Retrieved from Water.ca.gov
The California Public Goods Charge- A Tantalising First Glimpse of Policy Success?
by Miles Ten Brinke
Miles, Peak Water columnist and avowed Hydrophilic energy-head, has found his way to Britain where he’s lost his California perma-tan and is studying an Energy Policy
Today, I’ll be writing about a fascinating Nexus case-study I’ve recently come across in my research. That is, of the California policy programme around a Public Goods Charge (PGC). Basically this is a charge added to consumer utility bills which both potentially serves as a price signal for conservation and provides funding for public interest projects related to that utility (there’s a more technical and perhaps more accurate definition but that’s the main gist of it).
Currently there is no PGC in California, but there was one previously and the potential for one specifically built around the Water-Energy Nexus. From about 1996-2011, California had a PGC on electricity but the state legislature failed to renew it and so the policy ended 1st January 2012. There are however efforts to reinstate the kWh PGC, and perhaps even more interestingly to implement a new water PGC.
In this entry I’m going to lay out the basics- how the CA PGC regime came about and what it entails. Later on I’ll cover who’s involved and what’s been done (some details on the policy mechanisms). After that, a longer-form entry making an initial policy analysis.
The original PGC was born out of an era in California policymaking history I’m not all that keen for but which has shaped the very face of its contemporary development- deregulation and market liberalisation during the mid 90s into the early 2000s. A PGC is indelibly a market mechanism, an approach which over the past 40 years has come to dominate policy thinking around the world (to my estimation, especially in the US and UK). Much has been written about the market liberalisation of western economies since the 70s, of the Thatcherite years in the UK and US Reagonomics among many other examples. California, especially its energy sector, was heavily shaped over this period of largely neoliberal governance.
In my early, and yes I very well may not only revise but entirely reverse my position as I learn more, estimation however the 1996-2011 PGC is actually a successful mixed command-and-control/market mechanism instrument (and the same is probably true of those proposed PGCs). For better or worse, its been described as a green tax, with consumers bearing the cost. In a subsequent entry I’ll delve more into the political economics, but it seems thus far that it was not (and likely will not be) an undue burden with public benefit far outweighing costs. This is arguably so even for the consumers paying it. So far as I’ve read through the grey literature (fun catchall term for governmental, regulatory, policy analysis and media coverage of policies) I’m liking what I see.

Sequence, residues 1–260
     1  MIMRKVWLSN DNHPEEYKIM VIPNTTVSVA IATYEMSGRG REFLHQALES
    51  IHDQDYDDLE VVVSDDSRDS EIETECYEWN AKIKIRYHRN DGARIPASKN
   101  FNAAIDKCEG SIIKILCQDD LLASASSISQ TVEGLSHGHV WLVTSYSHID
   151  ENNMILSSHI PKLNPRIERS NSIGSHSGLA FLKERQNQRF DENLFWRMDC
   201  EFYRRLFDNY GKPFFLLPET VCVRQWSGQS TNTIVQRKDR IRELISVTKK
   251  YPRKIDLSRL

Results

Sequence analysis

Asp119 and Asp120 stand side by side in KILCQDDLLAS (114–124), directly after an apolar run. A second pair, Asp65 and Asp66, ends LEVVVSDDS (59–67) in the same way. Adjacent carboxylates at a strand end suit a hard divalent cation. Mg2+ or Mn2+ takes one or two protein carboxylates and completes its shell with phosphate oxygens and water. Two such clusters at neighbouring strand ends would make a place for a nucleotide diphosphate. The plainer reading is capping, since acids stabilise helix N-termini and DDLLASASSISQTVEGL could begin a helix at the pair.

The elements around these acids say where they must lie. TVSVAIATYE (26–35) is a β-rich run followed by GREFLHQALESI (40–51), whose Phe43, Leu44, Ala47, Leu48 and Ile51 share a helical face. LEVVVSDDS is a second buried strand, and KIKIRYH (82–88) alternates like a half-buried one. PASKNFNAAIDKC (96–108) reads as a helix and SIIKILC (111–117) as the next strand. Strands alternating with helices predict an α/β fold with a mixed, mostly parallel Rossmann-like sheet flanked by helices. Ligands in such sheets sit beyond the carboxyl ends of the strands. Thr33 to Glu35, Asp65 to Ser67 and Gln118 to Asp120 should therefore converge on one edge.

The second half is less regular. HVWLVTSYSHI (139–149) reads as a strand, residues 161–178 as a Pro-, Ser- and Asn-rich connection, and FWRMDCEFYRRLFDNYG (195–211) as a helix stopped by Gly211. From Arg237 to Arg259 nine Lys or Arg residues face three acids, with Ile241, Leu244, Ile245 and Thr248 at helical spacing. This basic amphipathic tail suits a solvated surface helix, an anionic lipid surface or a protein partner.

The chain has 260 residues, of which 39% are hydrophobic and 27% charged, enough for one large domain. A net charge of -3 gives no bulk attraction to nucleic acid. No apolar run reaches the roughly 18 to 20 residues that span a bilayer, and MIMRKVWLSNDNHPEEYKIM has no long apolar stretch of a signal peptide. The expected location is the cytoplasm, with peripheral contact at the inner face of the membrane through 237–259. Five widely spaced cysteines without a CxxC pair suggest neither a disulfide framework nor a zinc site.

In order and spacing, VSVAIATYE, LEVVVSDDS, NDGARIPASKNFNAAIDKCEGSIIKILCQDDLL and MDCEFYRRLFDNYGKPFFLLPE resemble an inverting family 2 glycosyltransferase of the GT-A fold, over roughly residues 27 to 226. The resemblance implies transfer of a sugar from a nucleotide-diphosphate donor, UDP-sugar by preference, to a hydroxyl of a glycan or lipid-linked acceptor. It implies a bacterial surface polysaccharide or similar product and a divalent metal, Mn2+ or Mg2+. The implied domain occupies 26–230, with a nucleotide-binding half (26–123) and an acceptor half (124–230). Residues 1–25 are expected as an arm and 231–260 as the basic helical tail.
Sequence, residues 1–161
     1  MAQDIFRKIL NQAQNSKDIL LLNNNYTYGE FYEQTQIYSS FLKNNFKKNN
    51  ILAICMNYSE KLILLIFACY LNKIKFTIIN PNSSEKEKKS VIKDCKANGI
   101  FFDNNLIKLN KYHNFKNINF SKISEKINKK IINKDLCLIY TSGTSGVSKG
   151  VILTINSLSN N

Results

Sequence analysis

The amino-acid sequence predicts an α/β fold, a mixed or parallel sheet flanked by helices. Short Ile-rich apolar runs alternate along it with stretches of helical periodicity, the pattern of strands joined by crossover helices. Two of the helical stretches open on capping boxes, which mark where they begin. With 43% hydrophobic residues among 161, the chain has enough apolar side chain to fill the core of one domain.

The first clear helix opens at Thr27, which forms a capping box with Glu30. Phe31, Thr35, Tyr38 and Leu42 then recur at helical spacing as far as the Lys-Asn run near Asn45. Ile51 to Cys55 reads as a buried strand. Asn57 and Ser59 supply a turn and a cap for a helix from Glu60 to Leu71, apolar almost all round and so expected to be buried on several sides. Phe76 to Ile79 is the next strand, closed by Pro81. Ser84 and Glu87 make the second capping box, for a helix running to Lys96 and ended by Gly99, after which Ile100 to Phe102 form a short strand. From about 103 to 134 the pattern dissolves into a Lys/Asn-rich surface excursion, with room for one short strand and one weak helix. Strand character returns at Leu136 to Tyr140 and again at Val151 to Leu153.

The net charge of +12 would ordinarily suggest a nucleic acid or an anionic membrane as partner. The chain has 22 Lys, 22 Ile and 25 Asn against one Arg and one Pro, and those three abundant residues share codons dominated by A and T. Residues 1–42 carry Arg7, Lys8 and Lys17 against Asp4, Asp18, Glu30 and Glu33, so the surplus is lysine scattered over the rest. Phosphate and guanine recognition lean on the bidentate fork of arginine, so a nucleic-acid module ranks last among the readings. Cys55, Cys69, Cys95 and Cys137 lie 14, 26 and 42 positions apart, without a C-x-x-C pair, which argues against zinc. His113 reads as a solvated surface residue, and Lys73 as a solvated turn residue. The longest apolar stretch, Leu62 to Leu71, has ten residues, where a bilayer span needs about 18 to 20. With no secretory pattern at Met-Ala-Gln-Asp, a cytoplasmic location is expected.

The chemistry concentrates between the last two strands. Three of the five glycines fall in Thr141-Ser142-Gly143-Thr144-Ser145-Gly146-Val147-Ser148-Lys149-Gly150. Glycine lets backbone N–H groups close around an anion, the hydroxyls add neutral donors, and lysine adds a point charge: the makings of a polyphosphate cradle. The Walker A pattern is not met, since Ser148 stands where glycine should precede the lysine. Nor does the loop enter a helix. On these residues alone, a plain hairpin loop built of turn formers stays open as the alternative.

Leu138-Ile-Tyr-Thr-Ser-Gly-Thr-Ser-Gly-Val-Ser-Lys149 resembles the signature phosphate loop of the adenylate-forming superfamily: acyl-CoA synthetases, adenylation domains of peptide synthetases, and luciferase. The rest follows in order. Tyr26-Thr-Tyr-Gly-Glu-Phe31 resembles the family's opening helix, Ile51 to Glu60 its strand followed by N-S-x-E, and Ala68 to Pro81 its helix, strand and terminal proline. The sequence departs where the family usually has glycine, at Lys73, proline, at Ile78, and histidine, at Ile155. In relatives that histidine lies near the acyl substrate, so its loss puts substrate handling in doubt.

An energy and/or water PGC increases the cost of consumption and can provide funding for nexus public interest programs. When the kWh one was still around it brought money to the state’s energy efficiency, renewables generation, renewables R&D and low-income assistance efforts with a prioritisation of energy efficiency and low-income assistance. It was relatively low-cost. A water PGC would most likely help to fund Integrated Regional Water Management Plans (IRWMPs) primarily for water conservation and efficiency. The great potential utility of linking this into IRWMPs is the principles of subsidiarity and localism- that you should govern at the most effective scale for the issue and that in the case of water resource management this is at the regional and local levels.
Really this all comes back to down to climate change, and California’s mitigation legislation AB 32 and the Air Resources Board’s Scoping Plan. That is, to achieve a reduction by 2050 of 80% 1990 level emissions and by 2020 of 30% 1990 level emissions. One of the state’s primary strategies towards achieving this is energy and water efficiency, of explicitly thinking about the Nexus. From desalinisation to water treatment and simply pumping the resource from place to place water is very energy intensive. At the same time, from petrol to power stations the energy system too consumes a lot of water. The destructive impacts not only can be minimised but must be, for the general socio-natural welfare and not just emissions targets. The PGC regime has the potential to play a very important and dynamic role in ensuring the coalition of actors engaged in this endeavour come through successfully.
More to come on this fascinating subject, stay tuned!
~ Miles on Water